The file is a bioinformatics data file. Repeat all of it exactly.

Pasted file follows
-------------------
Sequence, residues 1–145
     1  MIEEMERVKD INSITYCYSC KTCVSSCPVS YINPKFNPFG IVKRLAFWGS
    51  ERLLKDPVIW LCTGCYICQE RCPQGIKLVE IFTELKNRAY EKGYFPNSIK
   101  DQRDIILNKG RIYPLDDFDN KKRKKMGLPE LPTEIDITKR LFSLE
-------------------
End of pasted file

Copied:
Sequence, residues 1–145
     1  MIEEMERVKD INSITYCYSC KTCVSSCPVS YINPKFNPFG IVKRLAFWGS
    51  ERLLKDPVIW LCTGCYICQE RCPQGIKLVE IFTELKNRAY EKGYFPNSIK
   101  DQRDIILNKG RIYPLDDFDN KKRKKMGLPE LPTEIDITKR LFSLE